Trying to keep up with new records often feels like trying to plug a dam with a piece of chewing gum; the deluge is going to keep happening whether you like it or not, and you’re going to miss some things. The Slow Burn is our column where writers talk about albums they “missed”—which in today’s music Twitter era, could mean they didn’t listen to it in the 5 days around when it came out—and why they regret they didn’t get to the album till now. This edition covers Julien Baker’s 2015 album, Sprained Ankle.
Sometime between the third and fourth “I can’t think of anyone, anyone else” of this video of Julien Baker performing “Something” on OurVinyl Sessions, I went from being ambivalent to Baker to being convinced I was seeing the new Fiona Apple, Cat Power, or Dashboard Confessional (yeah I said it) of a new generation. “Something” is a “naked” song in a way that songs that get called “naked” often aren’t; it’s all small details, and it’s all about frayed emotions. Baker recreates walking off a breakup in a parking lot, by assuring herself she knew the breakup was coming, by feeling anguished that she couldn’t come up with something to say. All you ever really want in an argument is to say the right thing, and that’s the thing that crushes Baker the most. “Should have said something, something something, couldn’t find something to say, so I just said nothing, said nothing, said nothing,” she sings here, in raw immediacy. “Something” is a powerhouse; it’s not an exaggeration to say I’ve listened to it 300 times since I listened to it that first time two weeks ago.
The small details of giant heartbreak are what ultimately drew me in to Sprained Ankle. But it’s also a concept breakup album about a woman who is making a breakup album during a breakup.“Spilling my guts, sweat on a microphone, breaking my voice,” she sings on the title track. “Whenever I’m alone with you, can’t talk but, “Isn’t this weather nice? Are you okay?” She can process her feelings for the person who is in the process of leaving her—and leaving her an emotional, raw nerve—into song, but can’t do it in conversation. Baker wrote most of these songs in small music rooms at night on the college campus in Tennessee where she goes to school while avoiding being stuck in her dorm room. And listening to this knowing that, you can envision her screaming these lyrics into soundproofed walls and music stands.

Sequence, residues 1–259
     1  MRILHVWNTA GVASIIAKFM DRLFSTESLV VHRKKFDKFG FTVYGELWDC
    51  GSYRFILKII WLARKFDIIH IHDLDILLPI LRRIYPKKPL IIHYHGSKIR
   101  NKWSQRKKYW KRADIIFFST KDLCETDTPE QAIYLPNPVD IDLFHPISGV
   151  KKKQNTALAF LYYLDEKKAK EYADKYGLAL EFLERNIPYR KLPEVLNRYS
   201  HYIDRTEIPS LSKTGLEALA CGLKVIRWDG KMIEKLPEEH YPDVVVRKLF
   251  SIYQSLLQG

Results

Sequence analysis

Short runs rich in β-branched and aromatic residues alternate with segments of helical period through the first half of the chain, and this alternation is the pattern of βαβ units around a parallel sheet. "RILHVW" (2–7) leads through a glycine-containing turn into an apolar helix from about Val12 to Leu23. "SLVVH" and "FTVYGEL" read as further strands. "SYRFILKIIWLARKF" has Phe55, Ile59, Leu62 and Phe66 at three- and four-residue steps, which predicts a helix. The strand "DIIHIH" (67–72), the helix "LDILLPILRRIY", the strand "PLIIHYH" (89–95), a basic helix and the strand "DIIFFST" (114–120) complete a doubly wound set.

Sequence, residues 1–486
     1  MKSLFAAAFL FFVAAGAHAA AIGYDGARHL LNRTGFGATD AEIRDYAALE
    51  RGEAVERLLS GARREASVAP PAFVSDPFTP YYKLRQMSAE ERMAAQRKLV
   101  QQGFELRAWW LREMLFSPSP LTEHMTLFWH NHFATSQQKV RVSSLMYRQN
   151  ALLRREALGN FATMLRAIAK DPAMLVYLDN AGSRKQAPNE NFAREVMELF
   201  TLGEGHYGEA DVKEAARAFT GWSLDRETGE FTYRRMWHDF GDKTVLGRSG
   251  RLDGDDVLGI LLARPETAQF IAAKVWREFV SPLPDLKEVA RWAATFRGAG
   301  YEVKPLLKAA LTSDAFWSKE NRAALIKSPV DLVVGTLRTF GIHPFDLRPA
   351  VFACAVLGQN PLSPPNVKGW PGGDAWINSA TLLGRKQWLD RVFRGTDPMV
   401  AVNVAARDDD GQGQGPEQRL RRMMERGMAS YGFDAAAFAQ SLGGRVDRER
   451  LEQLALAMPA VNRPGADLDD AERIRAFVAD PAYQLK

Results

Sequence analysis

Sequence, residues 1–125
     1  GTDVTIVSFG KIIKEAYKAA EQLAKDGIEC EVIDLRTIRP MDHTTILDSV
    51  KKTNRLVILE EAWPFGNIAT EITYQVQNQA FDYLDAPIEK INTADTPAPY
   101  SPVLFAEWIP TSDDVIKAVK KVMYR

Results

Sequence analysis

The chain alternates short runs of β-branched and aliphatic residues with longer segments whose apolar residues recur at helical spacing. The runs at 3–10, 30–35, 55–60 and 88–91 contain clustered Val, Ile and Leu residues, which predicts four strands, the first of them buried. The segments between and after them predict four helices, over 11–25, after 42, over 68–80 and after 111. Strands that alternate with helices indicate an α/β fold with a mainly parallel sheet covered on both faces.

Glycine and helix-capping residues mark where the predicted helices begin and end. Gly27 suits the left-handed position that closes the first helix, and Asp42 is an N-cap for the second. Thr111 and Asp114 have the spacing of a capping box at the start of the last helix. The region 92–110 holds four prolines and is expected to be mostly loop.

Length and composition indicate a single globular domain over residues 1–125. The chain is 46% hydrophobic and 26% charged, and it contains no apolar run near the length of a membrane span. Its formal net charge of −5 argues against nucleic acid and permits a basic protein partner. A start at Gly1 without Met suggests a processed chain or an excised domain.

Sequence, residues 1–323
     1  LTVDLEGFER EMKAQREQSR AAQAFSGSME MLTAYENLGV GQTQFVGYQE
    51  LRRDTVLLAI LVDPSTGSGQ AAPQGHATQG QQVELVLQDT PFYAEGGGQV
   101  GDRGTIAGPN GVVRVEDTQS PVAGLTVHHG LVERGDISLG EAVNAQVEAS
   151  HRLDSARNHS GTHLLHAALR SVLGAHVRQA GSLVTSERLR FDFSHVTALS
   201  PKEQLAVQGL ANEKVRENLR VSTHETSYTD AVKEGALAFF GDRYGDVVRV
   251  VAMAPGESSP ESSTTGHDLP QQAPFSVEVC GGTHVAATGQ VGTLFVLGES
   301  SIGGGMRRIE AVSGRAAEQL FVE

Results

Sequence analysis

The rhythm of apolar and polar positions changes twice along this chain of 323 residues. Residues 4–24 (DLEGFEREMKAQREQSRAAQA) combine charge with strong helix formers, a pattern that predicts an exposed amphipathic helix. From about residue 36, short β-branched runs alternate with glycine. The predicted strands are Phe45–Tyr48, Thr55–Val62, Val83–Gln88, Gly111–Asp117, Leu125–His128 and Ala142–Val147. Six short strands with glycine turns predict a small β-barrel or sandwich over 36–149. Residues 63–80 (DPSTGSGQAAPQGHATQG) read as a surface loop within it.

So, how did it take me four months since release for me to get to Sprained Ankle? It seems like it’s in my wheelhouse, right? And didn’t Tyler Barstow write an article about Sprained Ankle, and how it effected him a couple months ago? I don’t have a really good excuse; a small, but vocal, group of people were enthusiastic about her on my Twitter feed, but not enough to make me feel like I was missing something. Plus, when I saw her get hype, I read Ian Cohen’s review in Pitchfork, and I learned, once and for all, that his taste and mine do not line up in any significant way (I should have known after his Das Racist reviews).
But the point of Slow Burn is that we’re celebrating getting to stuff, because what’s important is actually getting to it. Sprained Ankleis delicate but raw, full of death but life-affirming, spacious but closed in and introspective. I regret that I didn’t get to Sprained Ankle sooner—I also wonder what kind of havoc it would have wreaked on my albums of the year list. But I also don’t know that I was ready to be as obsessed with watching dozens of live takes of “Something” in October as I am in January, when it’s cold and there’s nothing to do, and I have a better ability to—thanks to seasonal affective disorder—get down in my feelings. And nothing has me down in my feelings more than Sprained Ankle right now.